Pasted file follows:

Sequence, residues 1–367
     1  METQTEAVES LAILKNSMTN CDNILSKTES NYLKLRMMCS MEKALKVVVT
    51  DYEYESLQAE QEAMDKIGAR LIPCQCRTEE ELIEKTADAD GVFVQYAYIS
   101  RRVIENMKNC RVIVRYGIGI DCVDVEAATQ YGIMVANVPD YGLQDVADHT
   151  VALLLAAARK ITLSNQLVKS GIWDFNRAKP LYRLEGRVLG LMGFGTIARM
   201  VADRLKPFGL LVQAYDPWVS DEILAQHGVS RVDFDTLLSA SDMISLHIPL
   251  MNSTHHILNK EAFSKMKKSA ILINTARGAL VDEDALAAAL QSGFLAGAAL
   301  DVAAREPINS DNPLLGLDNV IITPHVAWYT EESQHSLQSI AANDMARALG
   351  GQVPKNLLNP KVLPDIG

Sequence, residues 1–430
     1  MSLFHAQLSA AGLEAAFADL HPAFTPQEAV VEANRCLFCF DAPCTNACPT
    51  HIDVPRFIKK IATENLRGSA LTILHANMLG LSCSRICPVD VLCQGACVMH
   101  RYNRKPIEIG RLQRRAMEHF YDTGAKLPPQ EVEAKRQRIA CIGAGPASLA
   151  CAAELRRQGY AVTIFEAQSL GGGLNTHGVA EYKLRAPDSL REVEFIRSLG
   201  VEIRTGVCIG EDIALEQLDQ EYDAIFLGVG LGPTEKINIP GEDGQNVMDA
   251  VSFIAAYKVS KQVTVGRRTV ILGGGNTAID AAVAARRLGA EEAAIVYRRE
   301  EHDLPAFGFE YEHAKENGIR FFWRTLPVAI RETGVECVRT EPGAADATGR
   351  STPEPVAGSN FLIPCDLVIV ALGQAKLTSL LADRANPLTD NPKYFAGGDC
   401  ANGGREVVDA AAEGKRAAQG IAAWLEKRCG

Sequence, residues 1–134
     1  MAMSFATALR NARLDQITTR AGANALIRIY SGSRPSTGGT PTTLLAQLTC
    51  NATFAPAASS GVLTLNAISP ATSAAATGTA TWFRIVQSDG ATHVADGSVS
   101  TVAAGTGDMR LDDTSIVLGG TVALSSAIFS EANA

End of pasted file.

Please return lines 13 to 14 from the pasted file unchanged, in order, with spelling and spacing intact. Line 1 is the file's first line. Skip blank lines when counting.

   101  RYNRKPIEIG RLQRRAMEHF YDTGAKLPPQ EVEAKRQRIA CIGAGPASLA
   151  CAAELRRQGY AVTIFEAQSL GGGLNTHGVA EYKLRAPDSL REVEFIRSLG